Cockroaches Dined on Dinosaur Poop

Photo of dino-age cockroach preserved in an amber deposit.
This dinosaur-poop-eating cockroach was found preserved in an amber deposit in Lebanon. Photograph by Peter Vršanský.

Who can forget the “dino droppings … droppings?” scene of the 1993 blockbuster hit, Jurassic Park—the one where actor Jeff Goldblum walks up to a huge pile of dung left by a sick triceratops?

It’s memorable, all right, but there’s one thing the film missed: The piles of dino dung were likely cleaned up before they could reach such massive proportions, according to a new study published in the online journal PLOS ONE.

We all know dinos didn’t enjoy the luxury of modern plumbing, and there were no sewage tanks back then. The job of keeping the landscape sterile was left to a much smaller worker: the cockroach. More specifically, cockroaches from the now-extinct Blattulidae family.

Peter Vršanský of the Geological Institute at the Slovak Academy of Sciences in Bratislava, Slovakia, figured this out almost by mistake. When he started his study, he was researching the diet of the ancient Blattulidae cockroaches, and he expected it to resemble the diets of other cockroaches from the period.

None of the others dined on dinosaur dung, so it wasn’t even on the research team’s radar. (Also see “The Scoop Behind Ancient Poop.”)

Woody Discovery

But then they cracked open a fossilized cockroach, which had been discovered in an amber deposit from Lebanon, and studied it with synchrotron x-ray microtomography, a technique that allowed them to create a virtual 3-D version of the cockroach instead of picking apart the original.

They were surprised to find wood particles that were large in comparison to other particles in the cockroach.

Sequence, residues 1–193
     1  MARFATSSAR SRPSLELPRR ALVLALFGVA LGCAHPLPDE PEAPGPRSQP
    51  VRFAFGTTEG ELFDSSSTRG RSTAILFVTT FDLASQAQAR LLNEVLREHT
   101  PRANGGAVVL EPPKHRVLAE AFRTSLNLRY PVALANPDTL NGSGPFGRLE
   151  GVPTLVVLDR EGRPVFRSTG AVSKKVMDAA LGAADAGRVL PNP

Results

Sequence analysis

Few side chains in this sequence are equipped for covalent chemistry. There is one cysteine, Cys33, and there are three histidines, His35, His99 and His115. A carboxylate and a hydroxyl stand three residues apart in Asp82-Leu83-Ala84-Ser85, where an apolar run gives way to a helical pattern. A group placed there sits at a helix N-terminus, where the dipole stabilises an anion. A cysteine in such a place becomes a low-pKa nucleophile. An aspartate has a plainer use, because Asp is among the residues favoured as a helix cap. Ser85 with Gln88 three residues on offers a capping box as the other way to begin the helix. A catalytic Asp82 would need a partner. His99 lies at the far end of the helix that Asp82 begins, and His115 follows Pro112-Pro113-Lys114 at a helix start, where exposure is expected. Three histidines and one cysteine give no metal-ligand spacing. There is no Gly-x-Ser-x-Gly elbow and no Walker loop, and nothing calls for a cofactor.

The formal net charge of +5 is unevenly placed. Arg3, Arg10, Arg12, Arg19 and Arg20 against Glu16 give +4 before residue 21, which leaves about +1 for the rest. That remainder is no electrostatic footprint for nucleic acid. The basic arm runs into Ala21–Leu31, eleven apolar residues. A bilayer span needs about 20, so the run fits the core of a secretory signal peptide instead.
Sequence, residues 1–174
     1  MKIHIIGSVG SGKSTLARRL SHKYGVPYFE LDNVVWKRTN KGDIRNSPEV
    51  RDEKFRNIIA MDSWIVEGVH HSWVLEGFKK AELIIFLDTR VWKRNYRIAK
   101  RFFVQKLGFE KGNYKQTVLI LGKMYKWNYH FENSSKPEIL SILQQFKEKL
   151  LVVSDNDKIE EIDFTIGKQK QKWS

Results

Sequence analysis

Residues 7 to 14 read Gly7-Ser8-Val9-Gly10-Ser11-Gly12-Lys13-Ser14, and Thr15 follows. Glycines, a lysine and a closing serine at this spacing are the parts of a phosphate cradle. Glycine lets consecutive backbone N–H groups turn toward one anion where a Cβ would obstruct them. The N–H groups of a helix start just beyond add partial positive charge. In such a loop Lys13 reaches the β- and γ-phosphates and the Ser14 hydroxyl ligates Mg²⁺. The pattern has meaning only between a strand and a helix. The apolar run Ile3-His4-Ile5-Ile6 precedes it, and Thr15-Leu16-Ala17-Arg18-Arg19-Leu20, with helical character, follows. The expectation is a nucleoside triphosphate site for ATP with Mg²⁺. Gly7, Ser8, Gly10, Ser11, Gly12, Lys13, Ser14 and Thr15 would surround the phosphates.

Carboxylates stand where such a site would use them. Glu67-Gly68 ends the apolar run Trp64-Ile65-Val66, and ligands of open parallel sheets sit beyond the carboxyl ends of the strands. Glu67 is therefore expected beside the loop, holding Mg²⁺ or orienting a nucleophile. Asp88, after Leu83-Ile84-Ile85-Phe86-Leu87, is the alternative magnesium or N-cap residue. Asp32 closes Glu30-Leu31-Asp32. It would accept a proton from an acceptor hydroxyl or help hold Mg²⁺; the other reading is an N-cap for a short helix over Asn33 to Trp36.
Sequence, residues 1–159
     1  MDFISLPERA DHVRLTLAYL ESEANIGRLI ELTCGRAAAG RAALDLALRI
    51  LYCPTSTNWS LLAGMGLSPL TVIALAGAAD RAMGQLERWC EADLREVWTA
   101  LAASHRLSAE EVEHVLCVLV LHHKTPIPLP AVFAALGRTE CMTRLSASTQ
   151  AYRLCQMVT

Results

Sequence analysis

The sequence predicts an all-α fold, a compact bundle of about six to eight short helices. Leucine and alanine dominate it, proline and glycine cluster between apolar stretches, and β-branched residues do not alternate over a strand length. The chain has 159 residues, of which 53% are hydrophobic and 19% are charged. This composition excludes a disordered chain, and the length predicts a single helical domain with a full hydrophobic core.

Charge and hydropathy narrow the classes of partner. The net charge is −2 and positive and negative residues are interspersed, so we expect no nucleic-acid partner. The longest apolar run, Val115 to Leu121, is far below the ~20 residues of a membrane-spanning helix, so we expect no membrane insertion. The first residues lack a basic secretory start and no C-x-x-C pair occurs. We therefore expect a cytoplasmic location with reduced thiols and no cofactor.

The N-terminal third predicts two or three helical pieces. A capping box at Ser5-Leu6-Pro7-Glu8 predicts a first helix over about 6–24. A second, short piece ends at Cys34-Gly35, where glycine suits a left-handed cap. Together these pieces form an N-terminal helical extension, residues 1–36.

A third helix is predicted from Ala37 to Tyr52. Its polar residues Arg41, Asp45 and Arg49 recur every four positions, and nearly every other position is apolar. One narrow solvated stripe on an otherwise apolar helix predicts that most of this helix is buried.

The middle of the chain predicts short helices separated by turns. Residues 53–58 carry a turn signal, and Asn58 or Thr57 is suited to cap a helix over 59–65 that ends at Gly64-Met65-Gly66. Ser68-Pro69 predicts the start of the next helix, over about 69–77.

“The occurrence of any wood … was entirely unexpected,” the authors wrote in the study. The particles had smooth edges, indicating that the cockroach had not munched on them.

The particles were also more decomposed than a cockroach’s digestive system would’ve been able to accomplish, which further supports the researchers’ hypothesis that “the wood they ate was digested before it entered the cockroach,” said Vršanský.

So who noshed on those wood particles first? Dinosaurs!

“There is no other possible source of wood. The wood fragments are apparently pre-digested, and nobody at that time could eat fresh wood,” Vršanský added. (Also read “Talking Poop With Author of ‘The Origin of Feces.'”)

Vršanský says that during the Mesozoic period, cockroaches were the most common insect in most areas. Modern cleaner-uppers like dung beetles and flies weren’t around during the Triassic or most of the Jurassic periods, which cover about half of the span of the dinosaur era.

The Blattulidae cockroaches were not like the modern, wood-eating cockroaches and termites that we deal with today. But, the authors added, the link between dino poop and cockroaches didn’t die with the dinosaurs, or with the Blattulidae family—several modern cockroaches feast on the feces of birds, known dinosaur descendents. It looks like some eating habits are hard to break.

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Meet the Author
Danielle Elliot is a multimedia producer and writer who earned her chops reporting and producing for networks, start-ups, and everything in between. A graduate of the University of Maryland, she covered tennis and Olympic figure skating for a few years before earning an M.A. in Science and Health Journalism at Columbia University. Follow her on Twitter @daniellelliot.